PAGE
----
The annual tourist invasion of coastal New England has started early, fuelled by "coronavirus refugees" hoping to self-isolate away from big cities.
The trend has alarmed locals from Maine to the resorts of Cape Cod, Nantucket and Martha's Vineyard, who fear the influx could increase the risk of Covid-19 infection and stretch the communities to breaking point.
Already the region has seen a noticeable increase in the number of New York and Connecticut licence plates. Ferries, which bring tourists to the islands of Nantucket and Martha's Vineyard, are abnormally full for this time of year.
Locals say private jets have been "pouring in" at Martha's Vineyard airport.
Nantucket, which would expect its winter population of just over 11,000 to quadruple in the summer, is coming under pressure, admitted Gary Shaw, president of the island's cottage hospital.
"Our island's new hospital is an amazing community hospital designed for routine everyday care and standard surgeries, procedures, diagnostics and obstetrics. It is not built for a global pandemic and no hospital is."
There have also been complaints of shortages at supermarkets and Nantucket officials have asked ferry companies to limit the number of people they bring across from the mainland.
It is symptomatic of the dilemma facing much of coastal New England, where towns go to sleep in the winter and then burst into life around Memorial Day in May.
The summer visitors who create thousands of jobs in hotels and restaurants are normally seen as essential to the economy. This year things are viewed somewhat differently.
The spread of coronavirus cases across the country has not spared New England. The region's six states had reported nearly 800 cases by Saturday, more than half of them in Massachusetts. But the number is considerably lower than other parts of the country – New York state alone had more than 6,000 cases.
Further north, Maine had just 56 cases as of Saturday. But there are fears that this could change with the arrival of tourists from more heavily populated states and returning "snowbirds" – people who spend the winter in warmer states like Florida.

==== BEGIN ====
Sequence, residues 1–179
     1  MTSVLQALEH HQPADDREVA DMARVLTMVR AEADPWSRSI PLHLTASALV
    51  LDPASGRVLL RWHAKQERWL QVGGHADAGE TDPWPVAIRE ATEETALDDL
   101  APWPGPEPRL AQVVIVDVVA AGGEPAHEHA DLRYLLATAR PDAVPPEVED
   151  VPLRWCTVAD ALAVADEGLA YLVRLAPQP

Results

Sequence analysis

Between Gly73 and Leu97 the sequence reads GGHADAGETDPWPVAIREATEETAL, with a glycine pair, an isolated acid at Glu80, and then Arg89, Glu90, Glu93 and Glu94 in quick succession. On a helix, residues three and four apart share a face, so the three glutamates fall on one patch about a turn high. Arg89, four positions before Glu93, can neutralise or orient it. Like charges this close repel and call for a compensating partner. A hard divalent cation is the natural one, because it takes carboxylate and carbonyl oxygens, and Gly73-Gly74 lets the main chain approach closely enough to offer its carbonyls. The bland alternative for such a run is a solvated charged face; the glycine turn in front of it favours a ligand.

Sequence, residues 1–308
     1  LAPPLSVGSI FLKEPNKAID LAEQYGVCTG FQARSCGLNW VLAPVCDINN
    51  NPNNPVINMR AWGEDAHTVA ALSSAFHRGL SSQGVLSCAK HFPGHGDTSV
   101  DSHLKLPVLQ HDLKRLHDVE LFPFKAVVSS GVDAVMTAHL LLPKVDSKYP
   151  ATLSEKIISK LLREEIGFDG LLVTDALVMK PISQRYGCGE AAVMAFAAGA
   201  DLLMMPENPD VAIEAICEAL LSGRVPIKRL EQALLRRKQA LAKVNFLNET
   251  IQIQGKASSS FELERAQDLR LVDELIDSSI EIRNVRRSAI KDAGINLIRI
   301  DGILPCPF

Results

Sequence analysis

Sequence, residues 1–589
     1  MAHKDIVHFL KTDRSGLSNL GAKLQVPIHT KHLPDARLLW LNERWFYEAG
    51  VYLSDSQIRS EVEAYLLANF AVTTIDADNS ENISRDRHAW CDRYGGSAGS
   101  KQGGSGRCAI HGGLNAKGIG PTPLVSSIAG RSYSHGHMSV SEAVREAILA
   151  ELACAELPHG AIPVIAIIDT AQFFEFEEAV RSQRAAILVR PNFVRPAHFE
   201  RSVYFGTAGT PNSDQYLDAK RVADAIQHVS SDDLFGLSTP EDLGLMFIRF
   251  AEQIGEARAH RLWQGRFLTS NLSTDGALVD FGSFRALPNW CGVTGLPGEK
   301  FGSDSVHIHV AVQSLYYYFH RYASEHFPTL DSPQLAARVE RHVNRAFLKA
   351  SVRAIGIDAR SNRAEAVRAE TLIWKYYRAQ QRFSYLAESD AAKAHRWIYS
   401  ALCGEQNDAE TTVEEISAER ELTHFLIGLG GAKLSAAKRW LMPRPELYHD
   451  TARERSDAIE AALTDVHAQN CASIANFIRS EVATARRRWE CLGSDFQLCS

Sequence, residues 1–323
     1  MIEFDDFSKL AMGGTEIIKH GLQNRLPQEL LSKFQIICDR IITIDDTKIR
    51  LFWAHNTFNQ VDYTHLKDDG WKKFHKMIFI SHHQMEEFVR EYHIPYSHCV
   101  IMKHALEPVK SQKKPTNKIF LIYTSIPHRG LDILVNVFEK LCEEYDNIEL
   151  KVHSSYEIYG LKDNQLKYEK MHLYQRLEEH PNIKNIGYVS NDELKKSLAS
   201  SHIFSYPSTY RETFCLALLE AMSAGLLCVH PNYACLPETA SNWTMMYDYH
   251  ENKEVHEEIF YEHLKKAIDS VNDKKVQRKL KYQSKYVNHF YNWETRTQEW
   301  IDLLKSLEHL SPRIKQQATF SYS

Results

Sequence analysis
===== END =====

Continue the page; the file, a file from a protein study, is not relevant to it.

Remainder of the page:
Many are drawn to Maine's islands, whose beauty has attracted some of America's finest artists including Edward Hopper and Andrew Wyeth.
Most are uninhabited. Others like North Haven, which lies 18 kilometres off the Maine coast, have year-round residents who largely rely on tourism and lobstering.
Last weekend the island's locally elected politicians whipped away the welcome mat and voted to ban "people who do not reside on the island full time".
The ordinance, which was later watered down to a plea, was intended to put a brake on the traditional summer invasion which adds about 2,000 to the permanent population of 355.
With the nearest hospital on the mainland, islanders doubt North Haven could cope with a coronavirus outbreak
"We don't have a hospital," said Gordon Bubar, 74, who runs the island's one grocery store. "You have to get there by boat. It is a bad situation and it is a very bad disease.
"People have to do something, you can't put your head in the sand. It is our job to stay isolated."
With an average age of 48 – 14 years older than the US as a whole – Maine's island communities are more vulnerable to a pandemic.
“These are communities of between 50 and 1,200 people with little or no capacity to deal with medical emergencies," said Rob Snyder, president of the Island Institute.
“The actions taken by North Haven and being considered by others are understandable.
“Unfortunately, these actions also have the potential to divide the island community, because many of the seasonal residents consider the island home.”
Dr Nirav Shah, director of the Maine Centre for Disease Control and Prevention, appealed for tolerance.
“I've lived in Maine now for nine months, and never have I lived in any part of the world that is as welcoming to those who are from another part of the country.
“And I hope that it stays that way.”